Catechism of the Catholic Church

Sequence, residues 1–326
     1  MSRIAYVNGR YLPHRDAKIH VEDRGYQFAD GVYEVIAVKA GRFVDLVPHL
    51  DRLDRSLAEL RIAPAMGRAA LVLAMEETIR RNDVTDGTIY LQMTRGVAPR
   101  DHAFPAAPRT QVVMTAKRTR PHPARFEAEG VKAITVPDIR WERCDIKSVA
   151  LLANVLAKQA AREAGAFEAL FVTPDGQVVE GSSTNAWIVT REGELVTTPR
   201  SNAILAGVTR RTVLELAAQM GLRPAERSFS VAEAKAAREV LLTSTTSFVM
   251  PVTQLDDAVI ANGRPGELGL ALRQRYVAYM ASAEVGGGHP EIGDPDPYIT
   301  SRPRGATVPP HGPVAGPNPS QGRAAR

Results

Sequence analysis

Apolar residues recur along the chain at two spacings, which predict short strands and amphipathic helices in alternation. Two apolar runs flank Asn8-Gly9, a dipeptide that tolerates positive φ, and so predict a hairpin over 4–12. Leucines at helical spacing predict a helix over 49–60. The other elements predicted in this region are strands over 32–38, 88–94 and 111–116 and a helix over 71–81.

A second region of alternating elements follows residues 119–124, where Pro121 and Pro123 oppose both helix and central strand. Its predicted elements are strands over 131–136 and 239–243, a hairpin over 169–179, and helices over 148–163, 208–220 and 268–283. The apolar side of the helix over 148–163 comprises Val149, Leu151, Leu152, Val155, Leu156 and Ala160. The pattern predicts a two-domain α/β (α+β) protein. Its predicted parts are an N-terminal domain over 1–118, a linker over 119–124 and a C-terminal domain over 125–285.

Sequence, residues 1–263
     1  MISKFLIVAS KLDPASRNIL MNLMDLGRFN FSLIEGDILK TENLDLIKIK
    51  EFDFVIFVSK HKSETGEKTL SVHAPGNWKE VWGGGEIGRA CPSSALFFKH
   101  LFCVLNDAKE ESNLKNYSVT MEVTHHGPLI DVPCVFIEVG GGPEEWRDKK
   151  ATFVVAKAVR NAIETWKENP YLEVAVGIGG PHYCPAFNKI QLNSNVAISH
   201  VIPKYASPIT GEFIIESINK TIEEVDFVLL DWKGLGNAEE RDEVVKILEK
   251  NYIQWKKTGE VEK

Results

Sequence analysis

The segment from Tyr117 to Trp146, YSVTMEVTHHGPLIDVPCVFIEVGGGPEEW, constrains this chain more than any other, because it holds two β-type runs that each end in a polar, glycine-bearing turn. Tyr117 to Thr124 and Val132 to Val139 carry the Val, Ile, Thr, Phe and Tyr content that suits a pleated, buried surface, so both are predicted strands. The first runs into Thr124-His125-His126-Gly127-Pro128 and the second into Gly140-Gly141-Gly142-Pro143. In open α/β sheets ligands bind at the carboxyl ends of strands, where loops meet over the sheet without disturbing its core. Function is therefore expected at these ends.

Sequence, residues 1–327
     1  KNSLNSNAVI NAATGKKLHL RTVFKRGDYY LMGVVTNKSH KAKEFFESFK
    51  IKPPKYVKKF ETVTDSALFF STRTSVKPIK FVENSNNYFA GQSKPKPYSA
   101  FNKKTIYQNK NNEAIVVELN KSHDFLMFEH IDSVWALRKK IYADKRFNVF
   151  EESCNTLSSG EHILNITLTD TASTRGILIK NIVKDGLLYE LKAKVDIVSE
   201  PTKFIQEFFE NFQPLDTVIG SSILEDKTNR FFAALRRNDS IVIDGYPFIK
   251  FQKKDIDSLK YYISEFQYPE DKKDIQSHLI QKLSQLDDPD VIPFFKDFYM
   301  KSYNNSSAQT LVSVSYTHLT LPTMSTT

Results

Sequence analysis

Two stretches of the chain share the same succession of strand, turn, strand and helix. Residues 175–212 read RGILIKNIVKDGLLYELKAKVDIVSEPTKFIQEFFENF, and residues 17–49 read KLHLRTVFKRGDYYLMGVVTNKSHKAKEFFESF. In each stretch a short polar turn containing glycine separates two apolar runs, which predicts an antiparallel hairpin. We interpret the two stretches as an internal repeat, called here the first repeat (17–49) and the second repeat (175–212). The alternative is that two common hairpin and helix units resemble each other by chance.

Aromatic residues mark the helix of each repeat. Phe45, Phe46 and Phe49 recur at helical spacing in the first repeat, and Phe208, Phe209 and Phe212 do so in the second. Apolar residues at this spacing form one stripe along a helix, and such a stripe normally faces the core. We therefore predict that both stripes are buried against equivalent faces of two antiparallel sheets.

Glossary 877 ESCHATOLOGY: From the Greek word eschaton, meaning “last.” Eschatology refers to the area of Christian faith which is concerned about “the last things,” and the coming of Jesus on “the last day”: our human destiny, death, judgment, resurrection of the body, heaven, purgatory, and hell—all of which are contained in the final articles of the Creed (1001, 1020-1050; cf. 2771). ETERNAL LIFE: Living forever with God in the happiness of heaven, entered after death by the souls of those who die in the grace and friendship of God (988, 1020). In preaching the kingdom of heaven, Jesus called all people to eternal life, which is anticipated in the grace of union with Christ: “This is eternal life, that they may know you, the only true God, and Jesus Christ whom you have sent” ( Jn 17:3). EUCHARIST: The ritual, sacramental action of thanksgiving to God which constitutes the principal Christian liturgical celebration of and communion in the paschal mystery of Christ. The liturgical action called the Eucharist is also traditionally known as the Holy Sacrifice of the Mass. It is one of the seven sacraments of the Church; the Holy Eucharist completes Christian initiation (1322 ff.). The Sunday celebration of the Eucharist is at the heart of the Church’s life (2177). See Mass. EUCHARISTIC PRAYER: See Canon of the Mass. EUTHANASIA: An action or an omission which, of itself or by intention, causes the death of handicapped, sick, or dying persons—sometimes with an attempt to justify the act as a means of eliminating suffering. Euthanasia violates the fifth commandment of the law of God (2277). EVANGELICAL COUNSELS: In general, the teachings of the New Law proposed by Jesus to his disciples which lead to the perfection of Christian life. In the New Law, the precepts are intended to remove whatever is incompatible with charity; the evangelical counsels are to remove whatever might hinder the development of charity, even if not contrary to it (1973). The public profession of the evangelical counsels of poverty, chastity, and obedience is a constitutive element of state of consecrated life in the Church (915). EVANGELIST: One of the four authors to whom is ascribed the writing of the Gospels, i.e., Matthew, Mark, Luke, and John (125, 120). The term is also used for one who works actively to spread and promote the Christian faith. EVANGELIZATION: The proclamation of Christ and his Gospel (Greek: evangelion ) by word and the testimony of life, in fulfillment of Christ’s command (905; cf. 861). EVE: According to the creation story in Genesis, the first woman; wife of Adam. God did not create man a solitary being; from the beginning, “male and female he created them” ( Gen 1:29) (369, 375). Because she is the mother of the eternal Son of God made man, Jesus Christ the “new Adam,” Mary is called the “new Eve,” the